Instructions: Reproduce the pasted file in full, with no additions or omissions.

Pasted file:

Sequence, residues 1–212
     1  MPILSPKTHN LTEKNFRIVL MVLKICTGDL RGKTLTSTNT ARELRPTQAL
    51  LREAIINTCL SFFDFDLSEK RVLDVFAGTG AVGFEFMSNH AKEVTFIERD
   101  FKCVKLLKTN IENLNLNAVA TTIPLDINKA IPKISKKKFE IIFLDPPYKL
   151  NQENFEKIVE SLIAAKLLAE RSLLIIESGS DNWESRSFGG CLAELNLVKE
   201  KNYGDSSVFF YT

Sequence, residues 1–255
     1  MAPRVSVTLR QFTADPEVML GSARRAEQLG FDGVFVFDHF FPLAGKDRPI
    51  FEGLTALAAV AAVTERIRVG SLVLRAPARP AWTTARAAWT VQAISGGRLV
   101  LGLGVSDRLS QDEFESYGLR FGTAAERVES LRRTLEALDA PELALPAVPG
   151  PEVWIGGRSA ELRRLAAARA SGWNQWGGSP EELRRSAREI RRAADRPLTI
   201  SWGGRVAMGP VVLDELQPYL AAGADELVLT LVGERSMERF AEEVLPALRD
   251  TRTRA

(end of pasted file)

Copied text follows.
Sequence, residues 1–212
     1  MPILSPKTHN LTEKNFRIVL MVLKICTGDL RGKTLTSTNT ARELRPTQAL
    51  LREAIINTCL SFFDFDLSEK RVLDVFAGTG AVGFEFMSNH AKEVTFIERD
   101  FKCVKLLKTN IENLNLNAVA TTIPLDINKA IPKISKKKFE IIFLDPPYKL
   151  NQENFEKIVE SLIAAKLLAE RSLLIIESGS DNWESRSFGG CLAELNLVKE
   201  KNYGDSSVFF YT

Sequence, residues 1–255
     1  MAPRVSVTLR QFTADPEVML GSARRAEQLG FDGVFVFDHF FPLAGKDRPI
    51  FEGLTALAAV AAVTERIRVG SLVLRAPARP AWTTARAAWT VQAISGGRLV
   101  LGLGVSDRLS QDEFESYGLR FGTAAERVES LRRTLEALDA PELALPAVPG
   151  PEVWIGGRSA ELRRLAAARA SGWNQWGGSP EELRRSAREI RRAADRPLTI
   201  SWGGRVAMGP VVLDELQPYL AAGADELVLT LVGERSMERF AEEVLPALRD
   251  TRTRA